On the other hand, there are some important pitfalls to be mindful of. First, integrating with third parties can be costly: typically, this includes building integration tools and APIs, but also all the administrative costs of dealing with partners. Second, opening the door to third parties is also opening the door to headaches when the company’s customers have a bad experience with third parties they have found out about or interacted with in its product. Spoiler alert: customers might hold the company fully responsible for issues caused by third parties.

Probably the most difficult question that arises when opening the door to third parties is whether the company should allow competitors, i.e. third parties that sell products/services that are at least partial substitutes for its own products (see our academic paper “Creating Platforms by Hosting Rivals” for an in-depth analysis). In our experience, the default answer should be yes: turning competitors into complementors can be a powerful strategy for a budding platform business. Even though it loses some of the value from reduced sales of its products, its customers gain access to higher quality products/services through its core product, from which it still indirectly benefits. Furthermore, this makes customers less likely to switch to competing products. Consider what might have happened if Apple had not opened up the iPhone to third-party apps that competed with its own (e.g. Chrome browser, Facebook Messenger, Kindle, Google maps, WhatsApp). More people would likely have chosen Android phones over iPhones, which in turn would have caused more third-party app developers to focus on Android over iOS, potentially leading to winner-takes-all dynamics in favor of Android.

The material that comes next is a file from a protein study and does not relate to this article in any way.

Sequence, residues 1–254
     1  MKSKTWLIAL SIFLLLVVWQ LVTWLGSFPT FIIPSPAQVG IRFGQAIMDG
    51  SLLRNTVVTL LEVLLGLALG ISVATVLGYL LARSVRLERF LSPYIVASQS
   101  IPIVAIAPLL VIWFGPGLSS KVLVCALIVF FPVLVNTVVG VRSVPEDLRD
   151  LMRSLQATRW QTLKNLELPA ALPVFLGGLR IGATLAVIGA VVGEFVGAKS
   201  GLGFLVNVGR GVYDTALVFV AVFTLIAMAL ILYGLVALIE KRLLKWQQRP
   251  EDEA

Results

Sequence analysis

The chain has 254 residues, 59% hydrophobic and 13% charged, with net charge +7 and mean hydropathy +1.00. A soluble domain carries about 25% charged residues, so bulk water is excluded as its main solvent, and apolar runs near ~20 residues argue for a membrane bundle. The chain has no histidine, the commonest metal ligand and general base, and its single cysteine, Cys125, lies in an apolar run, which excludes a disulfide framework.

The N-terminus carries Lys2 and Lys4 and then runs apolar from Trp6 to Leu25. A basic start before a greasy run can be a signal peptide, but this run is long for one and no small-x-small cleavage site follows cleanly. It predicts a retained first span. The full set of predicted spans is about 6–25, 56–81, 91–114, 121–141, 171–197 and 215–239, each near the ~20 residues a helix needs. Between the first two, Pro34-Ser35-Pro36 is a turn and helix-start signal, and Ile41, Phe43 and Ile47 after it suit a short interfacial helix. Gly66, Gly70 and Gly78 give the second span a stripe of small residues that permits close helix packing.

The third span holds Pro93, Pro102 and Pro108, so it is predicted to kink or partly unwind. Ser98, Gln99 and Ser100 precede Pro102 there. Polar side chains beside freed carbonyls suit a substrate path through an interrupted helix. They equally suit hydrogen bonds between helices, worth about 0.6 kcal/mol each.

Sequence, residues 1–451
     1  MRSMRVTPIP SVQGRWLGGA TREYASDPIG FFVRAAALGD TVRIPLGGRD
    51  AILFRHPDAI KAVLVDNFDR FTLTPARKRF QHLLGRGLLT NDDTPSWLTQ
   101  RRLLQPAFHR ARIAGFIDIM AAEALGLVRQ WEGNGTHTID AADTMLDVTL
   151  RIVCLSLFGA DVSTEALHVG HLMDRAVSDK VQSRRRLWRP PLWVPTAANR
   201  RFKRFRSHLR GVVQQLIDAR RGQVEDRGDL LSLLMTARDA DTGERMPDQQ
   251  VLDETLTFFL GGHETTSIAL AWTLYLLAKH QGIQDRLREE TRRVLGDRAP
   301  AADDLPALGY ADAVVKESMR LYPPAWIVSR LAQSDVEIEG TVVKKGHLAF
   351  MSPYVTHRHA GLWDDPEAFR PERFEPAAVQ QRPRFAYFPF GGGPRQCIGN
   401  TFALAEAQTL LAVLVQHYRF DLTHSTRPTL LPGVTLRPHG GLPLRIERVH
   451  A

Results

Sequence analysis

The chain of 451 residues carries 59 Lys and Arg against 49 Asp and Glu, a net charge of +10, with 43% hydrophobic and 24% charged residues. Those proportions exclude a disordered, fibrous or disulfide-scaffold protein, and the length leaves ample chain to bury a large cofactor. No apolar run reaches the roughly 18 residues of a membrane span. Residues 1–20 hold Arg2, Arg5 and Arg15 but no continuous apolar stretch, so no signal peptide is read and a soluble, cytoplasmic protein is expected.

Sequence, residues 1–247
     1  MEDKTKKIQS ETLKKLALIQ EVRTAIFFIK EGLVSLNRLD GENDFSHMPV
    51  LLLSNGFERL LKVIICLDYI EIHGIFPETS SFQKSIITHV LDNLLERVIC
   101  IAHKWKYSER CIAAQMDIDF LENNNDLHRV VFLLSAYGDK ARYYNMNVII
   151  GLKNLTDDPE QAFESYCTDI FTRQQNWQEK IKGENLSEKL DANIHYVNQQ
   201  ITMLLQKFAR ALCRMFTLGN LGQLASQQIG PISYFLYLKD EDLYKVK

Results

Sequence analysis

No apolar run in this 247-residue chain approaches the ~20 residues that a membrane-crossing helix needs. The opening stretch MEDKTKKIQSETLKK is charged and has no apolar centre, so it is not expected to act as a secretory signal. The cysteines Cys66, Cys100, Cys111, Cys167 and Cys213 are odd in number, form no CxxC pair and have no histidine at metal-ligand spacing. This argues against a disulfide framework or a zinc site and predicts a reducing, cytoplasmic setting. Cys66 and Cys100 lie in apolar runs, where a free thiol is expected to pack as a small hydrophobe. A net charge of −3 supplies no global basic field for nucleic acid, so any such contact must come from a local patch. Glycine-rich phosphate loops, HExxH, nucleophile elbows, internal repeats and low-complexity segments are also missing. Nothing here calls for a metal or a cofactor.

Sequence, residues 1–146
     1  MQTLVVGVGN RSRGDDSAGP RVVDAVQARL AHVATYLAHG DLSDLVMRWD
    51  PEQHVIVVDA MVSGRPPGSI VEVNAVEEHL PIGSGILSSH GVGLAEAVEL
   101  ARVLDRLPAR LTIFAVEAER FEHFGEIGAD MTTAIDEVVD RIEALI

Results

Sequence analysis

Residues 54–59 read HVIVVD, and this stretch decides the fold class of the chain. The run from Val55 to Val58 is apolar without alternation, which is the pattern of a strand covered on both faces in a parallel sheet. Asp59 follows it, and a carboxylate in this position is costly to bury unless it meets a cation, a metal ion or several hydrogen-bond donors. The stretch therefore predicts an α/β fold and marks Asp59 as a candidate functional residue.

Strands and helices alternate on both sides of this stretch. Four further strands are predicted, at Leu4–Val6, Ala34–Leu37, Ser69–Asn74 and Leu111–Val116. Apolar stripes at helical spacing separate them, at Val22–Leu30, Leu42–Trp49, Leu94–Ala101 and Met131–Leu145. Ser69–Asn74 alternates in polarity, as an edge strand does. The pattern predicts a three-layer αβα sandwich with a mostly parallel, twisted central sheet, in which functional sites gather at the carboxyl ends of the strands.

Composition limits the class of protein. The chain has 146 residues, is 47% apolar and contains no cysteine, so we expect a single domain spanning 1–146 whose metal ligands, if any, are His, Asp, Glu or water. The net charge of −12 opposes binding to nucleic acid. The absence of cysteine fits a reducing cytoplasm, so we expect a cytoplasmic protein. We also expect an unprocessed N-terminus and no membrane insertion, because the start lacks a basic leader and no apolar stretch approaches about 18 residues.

But of course, there should be limits and exceptions. If the third-party product in question is a close substitute to the “core” of the company’s product (e.g. an app that becomes the new operating system for the iPhone) or has the potential to become that way over time, then it’s probably not a wise commercial decision to open the doors to it.